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8.1 earthquake among 3 powerful temblors to strike off New Zealand; Hawaii under tsunami watch

 A powerful magnitude 8.1 earthquake struck in the ocean off the coast of New Zealand on Friday, prompting thousands of people to evacuate and triggering tsunami warnings across the South Pacific.

The quake was the largest in a series of tremors that struck the region over several hours, including two earlier quakes that registered magnitude 7.4 and magnitude 7.3.

While the quakes triggered warning systems and caused traffic jams and some chaos in New Zealand as people scrambled to get to higher ground, they did not appear to pose a widespread threat to lives or major infrastructure.

That’s because of the remoteness of where they hit. The largest struck about 1,000 kilometers (620 miles) off the coast of New Zealand.

One of the earlier quakes hit much closer to New Zealand and awoke many people during the night as they felt a long, rumbling shaking.

“Hope everyone is ok out there,” New Zealand Prime Minister Jacinda Ardern wrote on Facebook.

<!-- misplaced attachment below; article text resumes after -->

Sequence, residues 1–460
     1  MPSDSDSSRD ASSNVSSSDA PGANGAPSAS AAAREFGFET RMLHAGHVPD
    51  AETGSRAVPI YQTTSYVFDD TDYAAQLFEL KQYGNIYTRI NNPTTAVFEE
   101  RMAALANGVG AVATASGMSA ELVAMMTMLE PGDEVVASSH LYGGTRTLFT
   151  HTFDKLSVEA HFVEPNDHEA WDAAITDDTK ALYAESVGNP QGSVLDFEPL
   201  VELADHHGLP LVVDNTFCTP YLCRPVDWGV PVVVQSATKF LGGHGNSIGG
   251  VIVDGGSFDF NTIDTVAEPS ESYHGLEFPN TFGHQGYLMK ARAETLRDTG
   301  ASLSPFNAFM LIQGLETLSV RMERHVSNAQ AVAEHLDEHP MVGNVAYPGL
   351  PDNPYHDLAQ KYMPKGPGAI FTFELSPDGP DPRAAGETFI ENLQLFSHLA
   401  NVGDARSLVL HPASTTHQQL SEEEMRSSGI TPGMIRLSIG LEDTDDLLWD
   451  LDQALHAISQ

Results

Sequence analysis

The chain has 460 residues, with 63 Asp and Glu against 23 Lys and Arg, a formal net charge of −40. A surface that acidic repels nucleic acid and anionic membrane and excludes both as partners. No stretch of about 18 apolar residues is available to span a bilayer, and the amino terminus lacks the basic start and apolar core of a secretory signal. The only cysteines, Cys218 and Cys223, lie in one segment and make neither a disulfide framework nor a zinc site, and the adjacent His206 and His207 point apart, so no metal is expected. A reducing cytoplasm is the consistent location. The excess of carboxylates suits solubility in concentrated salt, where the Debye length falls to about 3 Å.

After the largest quake, civil defense authorities in New Zealand told people in certain areas on the East Coast of the North Island that they should move immediately to higher ground and not stay in their homes. They said a damaging tsunami was possible.

The U.S. Tsunami Warning System also cautioned that the larger quake could cause tsunami waves of between 1 to 3 meters (3 to 10 feet) in French Polynesia and waves of up to 1 meter (3 feet) in Niue, New Caledonia and the Solomon Islands.

The Pacific Tsunami Warning Center said tsunamis could later strike Hawaii and it was still assessing to the threat to California, Oregon, Washington, Alaska and British Columbia.

The U.S. Geological Survey said the larger quake was centered in the remote Kermadec Islands at a depth of 19 kilometers (12 miles).

Officials in New Zealand had hours earlier issued a tsunami warning for coastal areas after the first of the smaller earthquakes struck off its northeastern coast at about 3 a.m. Friday. There were no immediate reports of serious damage or casualties, and the warning was lifted just before the larger quake struck.

The U.S. Geological Survey said the first quake was centered at a depth of 21 kilometers (13 miles) under the ocean about 174 kilometers (108 miles) northeast of the city of Gisborne.

It was widely felt in New Zealand, and residents in the major cities of Auckland, Wellington and Christchurch reported being shaken awake.

In 2011, a magnitude 6.3 quake hit the city of Christchurch, killing 185 people and destroying much of its downtown.